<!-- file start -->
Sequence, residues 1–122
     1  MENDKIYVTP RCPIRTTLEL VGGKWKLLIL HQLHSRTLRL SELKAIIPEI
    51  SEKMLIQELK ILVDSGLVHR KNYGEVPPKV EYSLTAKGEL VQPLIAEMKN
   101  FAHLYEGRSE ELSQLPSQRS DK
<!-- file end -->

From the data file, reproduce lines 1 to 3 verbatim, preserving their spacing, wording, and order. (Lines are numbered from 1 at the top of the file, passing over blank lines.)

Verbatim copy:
Sequence, residues 1–122
     1  MENDKIYVTP RCPIRTTLEL VGGKWKLLIL HQLHSRTLRL SELKAIIPEI
    51  SEKMLIQELK ILVDSGLVHR KNYGEVPPKV EYSLTAKGEL VQPLIAEMKN